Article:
1. Contacting an existing carshare service in your city.
    2. Check to see if your local car rental company might be able to offer something.
    3. Take this as an opportunity to see if the concept might make sense in your community.
    4. Organise a one-day carsharing experiment.
    Not all these are equally attractive or practical as near term options, but let's review them briefly in order. Back to top

    1. Do you have a Bike Delivery Service (BDS) in your city?

    If you find one listed for you, we suggest that you get in touch. They will not only be able to inform you about how their service works, but also may be offering some sort of cooperative package
    for Earth Car Free Day.

    If none is listed for your community, you may want to send an email to the xxx, asking the more than xxx

    3. Start your own one-day service
    Let's see now, how can you start a BDS for a single day? We have no ready help for you on that, but if you come up with ideas for us, let us know and we will share them with everyone else. Certainly a good place to get started in your thinking on that will be the by checking out the references that are given here, as well as the handful of outstanding print references which appear below.

    4. Study and discuss the possibility of a BDS for your community

    Since there is so much solid information available on this on the Net, you may wish to make such a public discussion one of your contributions to Earth Car Free Day. In addition to the sources identified above, here are a few others that you might find it useful to check out by way of further background.

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    Further Background & Help

    As far as print support is concerned, you will find a great deal of helpful information and perspective from the following milestone reports:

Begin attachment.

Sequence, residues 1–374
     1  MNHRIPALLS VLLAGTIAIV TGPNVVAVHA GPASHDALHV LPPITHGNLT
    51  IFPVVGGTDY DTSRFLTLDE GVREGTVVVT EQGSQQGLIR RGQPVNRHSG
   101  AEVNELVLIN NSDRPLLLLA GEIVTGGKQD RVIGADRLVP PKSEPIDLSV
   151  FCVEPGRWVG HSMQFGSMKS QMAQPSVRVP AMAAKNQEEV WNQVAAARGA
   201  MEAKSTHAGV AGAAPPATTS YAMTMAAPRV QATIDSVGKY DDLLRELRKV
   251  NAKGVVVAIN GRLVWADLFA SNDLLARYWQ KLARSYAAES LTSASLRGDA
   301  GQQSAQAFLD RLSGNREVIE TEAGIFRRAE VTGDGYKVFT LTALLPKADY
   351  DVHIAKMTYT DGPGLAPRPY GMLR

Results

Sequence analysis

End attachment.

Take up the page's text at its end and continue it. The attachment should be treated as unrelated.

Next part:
Direct on the Web

    Print Support:

    The following useful print sources are available from Detour Publicaitons.

    Bikes Mean Business! A Primer on Starting a Bike-Related Business, Nick Gamble, Detour Publications/Transportation Options, 1996
    A practical and inspiring guide to help potential 'bike-entrepreneurs' begin thinking about their fledging business concept. It focuses on the principles of the 'new economy' that Wayne Roberts and Susan Brandum celebrate on Get a Life!: economically and ecologically sustainable ways to make an honest, satisfying living.

    Delivering the Goods by Bike
    Nick Gamble, ed., Detour Publications/Community Bicycle Network, 1996
    Shows, in a user-friendly question and answer format, why bicycle delivery is an economically sensible option for businesses. Includes case studies and examples of almost 20 companies that successfully use pedal power to deliver products from magazines to meals on wheels from flowers to furniture.

    Cycling For Profit:How To Make A Living With Your Bike
    Jim Gregory, Van der Plas Publications, 2000
    This book shows the many ways you can make your living by bike -- and how to go about making your business flourish. The author draws upon his own experiences as well as that of fellow bike-based businesses around the world.

    The first part of the book covers the various kinds of bicycle-powered operations that are open to full-time and part-time employment, listing what kind of equipment is needed and the practical aspects of marketing and operations. The second part of the book describes the specific requirements and modes of operation for each particular kind of business.

    Bike Delivery Factsheets Luke Wintjes Community Bicycle Network, 1996 A series of four factsheets on aspects of bike delivery: 'Put Bikes to Work for Your Business'; 'The Bottom Line on Bike Delivery'; 'Starting a Bicycle Delivery Service - A Sample Business Plan'; and 'Resources for Starting a Bicycle Delivery Business'.

      Cycling for Profit : How to Make a Living With Your Bike

      Cycling for Profit review, December 9, 1999
      Reviewer: Daniel James from England>